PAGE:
Apart from that Gandhi Ji also gave an important mantra of 'Do or Die' He believed that either people participation will free India or die in an attempt to liberate it. Although Gandhi Ji was in jail during the whole period of this movement, there also he worked for the support of people's mobilization and provided moral support to them.
In February 1943 he started a fast to condemn the violence of the state but he did not condemn the violence that resulted from people participating in the Quit India movement. However, this leadership role that Gandhi Ji provided was not unique to this movement only, he had developed various methods for the struggle against the unjust rule and his followers were trained to understand his idea of satyagraha and ahimsa.
Overall, the quit India movement shaken the root of British rule in India and shown the moral corruption that persisted in British policy. Right after the QIM and the end of the Second World War, the exit of the British government from Indian soil became inevitable.


28 Jul 2021 gs-mains-paper-1 MODERN HISTORY & POST INDEPENDENCE 
Question :

“Though Lord Ripon proceeded cautiously, some of his early measures restored faith among the Indians in the liberal tradition of England”. Discuss.

(GS MAINS PAPER 1)

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After the end of Lytton viceroy ship, the British Government under the labour party-appointed Lord Ripon as the new viceroy of India. He was very sympathetic toward the cause of Indian citizens and worked in various areas to restore faith among the Indians in the liberal tradition of England.
First and foremost, Ripon favoured the policy of equality embedded in the liberal tradition of England. For this to come into practice, he abolished the notorious vernacular press act which discriminated between the local and English language newspapers. His policy was even directed toward bringing the principle of equal treatment of law. With this respect, he brought the Ilbert bill which sought to abolish judicial disqualification based on race distinctions. Through this bill, he wanted to give Indian judges the power to hear cases against British citizens. However, this bill was not able to pass due to various opposition from the British community.
His work for the improvement of local government promoted the idea of decentralization of power and greater participation of people in decision making. The series of enactments would set up local self-governing bodies in the rural and urban areas. For this, he is known as the ‘Father of Local-Self Government in India.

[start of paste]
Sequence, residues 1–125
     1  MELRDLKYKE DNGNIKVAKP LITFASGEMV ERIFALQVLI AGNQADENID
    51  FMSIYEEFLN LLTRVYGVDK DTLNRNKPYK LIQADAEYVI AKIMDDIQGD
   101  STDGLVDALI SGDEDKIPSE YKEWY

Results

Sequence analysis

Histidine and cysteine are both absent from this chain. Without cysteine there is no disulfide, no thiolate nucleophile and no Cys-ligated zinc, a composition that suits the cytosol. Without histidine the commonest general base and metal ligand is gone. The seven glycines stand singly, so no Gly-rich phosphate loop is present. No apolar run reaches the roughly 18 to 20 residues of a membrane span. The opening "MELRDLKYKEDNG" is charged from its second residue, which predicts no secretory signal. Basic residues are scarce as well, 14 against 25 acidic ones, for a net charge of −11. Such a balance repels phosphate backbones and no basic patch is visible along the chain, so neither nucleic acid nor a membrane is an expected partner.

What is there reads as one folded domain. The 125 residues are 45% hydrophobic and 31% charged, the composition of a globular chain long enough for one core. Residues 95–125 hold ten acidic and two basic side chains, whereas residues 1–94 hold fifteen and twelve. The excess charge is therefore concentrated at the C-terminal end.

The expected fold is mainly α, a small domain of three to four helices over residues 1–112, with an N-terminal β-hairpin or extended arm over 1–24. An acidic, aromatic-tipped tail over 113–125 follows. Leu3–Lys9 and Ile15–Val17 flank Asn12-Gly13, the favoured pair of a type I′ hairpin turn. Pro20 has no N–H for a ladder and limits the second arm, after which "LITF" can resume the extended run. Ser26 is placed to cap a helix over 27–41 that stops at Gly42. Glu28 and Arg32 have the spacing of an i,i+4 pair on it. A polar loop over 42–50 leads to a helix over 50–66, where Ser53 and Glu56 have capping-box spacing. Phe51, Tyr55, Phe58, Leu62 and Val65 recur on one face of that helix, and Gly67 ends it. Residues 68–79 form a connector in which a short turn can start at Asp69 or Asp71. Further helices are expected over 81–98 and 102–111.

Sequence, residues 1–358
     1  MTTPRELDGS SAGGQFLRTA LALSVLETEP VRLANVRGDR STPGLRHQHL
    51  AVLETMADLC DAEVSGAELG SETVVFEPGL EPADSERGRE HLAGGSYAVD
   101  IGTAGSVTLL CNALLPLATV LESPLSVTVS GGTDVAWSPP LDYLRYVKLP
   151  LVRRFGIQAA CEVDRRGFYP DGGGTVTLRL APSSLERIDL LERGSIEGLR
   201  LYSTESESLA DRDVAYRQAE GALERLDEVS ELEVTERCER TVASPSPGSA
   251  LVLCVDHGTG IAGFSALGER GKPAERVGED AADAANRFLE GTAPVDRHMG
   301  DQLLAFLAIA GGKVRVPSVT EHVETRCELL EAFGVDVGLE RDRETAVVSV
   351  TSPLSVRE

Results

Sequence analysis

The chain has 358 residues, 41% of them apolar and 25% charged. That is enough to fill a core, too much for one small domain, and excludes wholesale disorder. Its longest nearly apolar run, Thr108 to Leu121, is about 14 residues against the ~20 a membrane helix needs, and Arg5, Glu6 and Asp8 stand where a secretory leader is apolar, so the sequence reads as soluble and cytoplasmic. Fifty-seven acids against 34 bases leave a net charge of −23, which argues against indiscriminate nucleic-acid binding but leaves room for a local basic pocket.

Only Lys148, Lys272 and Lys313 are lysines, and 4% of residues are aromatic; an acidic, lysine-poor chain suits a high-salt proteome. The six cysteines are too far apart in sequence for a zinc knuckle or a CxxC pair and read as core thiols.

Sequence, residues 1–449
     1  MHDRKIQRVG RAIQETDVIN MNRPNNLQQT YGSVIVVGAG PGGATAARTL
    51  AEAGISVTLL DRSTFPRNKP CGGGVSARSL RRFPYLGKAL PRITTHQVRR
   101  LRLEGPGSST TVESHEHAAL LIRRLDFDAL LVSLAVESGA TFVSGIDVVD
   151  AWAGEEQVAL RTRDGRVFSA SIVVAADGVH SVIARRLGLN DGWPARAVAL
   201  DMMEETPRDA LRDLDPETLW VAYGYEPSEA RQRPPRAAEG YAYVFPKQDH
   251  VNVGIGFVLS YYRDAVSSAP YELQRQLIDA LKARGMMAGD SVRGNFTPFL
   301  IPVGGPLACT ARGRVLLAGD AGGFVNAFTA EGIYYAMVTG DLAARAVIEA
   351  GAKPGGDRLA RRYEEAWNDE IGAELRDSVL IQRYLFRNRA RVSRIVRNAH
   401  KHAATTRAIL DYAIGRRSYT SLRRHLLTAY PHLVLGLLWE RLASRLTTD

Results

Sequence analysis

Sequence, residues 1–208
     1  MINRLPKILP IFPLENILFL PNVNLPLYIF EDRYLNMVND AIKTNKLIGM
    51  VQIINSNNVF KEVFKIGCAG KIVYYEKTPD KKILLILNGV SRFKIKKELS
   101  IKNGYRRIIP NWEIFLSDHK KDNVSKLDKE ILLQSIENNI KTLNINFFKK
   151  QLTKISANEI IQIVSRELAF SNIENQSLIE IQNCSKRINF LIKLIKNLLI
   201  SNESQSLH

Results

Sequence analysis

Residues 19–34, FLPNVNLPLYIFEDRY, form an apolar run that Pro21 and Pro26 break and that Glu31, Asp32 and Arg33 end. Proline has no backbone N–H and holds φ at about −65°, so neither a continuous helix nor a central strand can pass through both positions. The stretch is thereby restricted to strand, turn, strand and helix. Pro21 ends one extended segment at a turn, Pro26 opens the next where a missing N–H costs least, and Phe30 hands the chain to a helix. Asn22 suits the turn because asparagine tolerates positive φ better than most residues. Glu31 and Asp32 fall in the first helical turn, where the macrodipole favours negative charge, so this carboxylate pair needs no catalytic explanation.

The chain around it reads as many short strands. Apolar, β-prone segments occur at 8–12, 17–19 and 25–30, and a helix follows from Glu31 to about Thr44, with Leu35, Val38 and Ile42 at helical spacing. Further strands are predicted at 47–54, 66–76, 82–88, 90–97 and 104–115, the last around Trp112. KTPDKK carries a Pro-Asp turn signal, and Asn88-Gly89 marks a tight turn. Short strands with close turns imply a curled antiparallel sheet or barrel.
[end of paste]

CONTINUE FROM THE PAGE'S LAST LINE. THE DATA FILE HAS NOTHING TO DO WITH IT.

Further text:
Under his guidance, the first factory act 1881 was enacted to safeguard the interest of children and women who were working in Indian factories. He promoted the Indian famine codes which worked in the area of making authorities capable and responsible to deal with famine.
Under his rule, the Hunter commission was appointed to examine the condition of education in India which shows that he was emphatical toward the cause of promoting better education for Indians.
Although the above-mentioned points show that Ripon was working for the interest and betterment of the Indian people but his ability to bring far-flung changes was crippled by the collective power of the European community living in India and this become clear during Ilbert bill controversy.
Nevertheless, the Ripon rule usher in a new era for India’s freedom struggle movements and gave a sense to the people of India that justice and fair play could not be expected where interests of the European community were involved.


24 Jul 2021 gs-mains-paper-1 MODERN HISTORY & POST INDEPENDENCE 
Question :

Discuss the role of Bal Gangadhar Tilak in the Indian National movement.

(GS Mains Paper 1)

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Bal Gangadhar Tilak, journalist, philosopher-politician, and maker of modern India, his contribution is immense as he is said to be a pioneer of ideas of swaraj and swadeshi and used culture, education and the media.
Role of Bal Gangadhar Tilak in Indian national movement -
  • Tilak ignited a sense of patriotism and nationalism in the advent of the 20th century. He ignited patriotic consciousness among the masses during one of the most difficult periods in the freedom struggle
  • Along with two other congress leaders, Lala Lajpat Rai and Bipin Chandra Pal (popularly known as Lal, Bal and Pal), he started the extremist phase of INC, which focused on mass mobilisation of masses and played an active role during the Swadeshi movement. Tilak started the Swadeshi Movement (1905), which was not just about boycotting British goods, but his larger objective was promoting indigenous entrepreneurship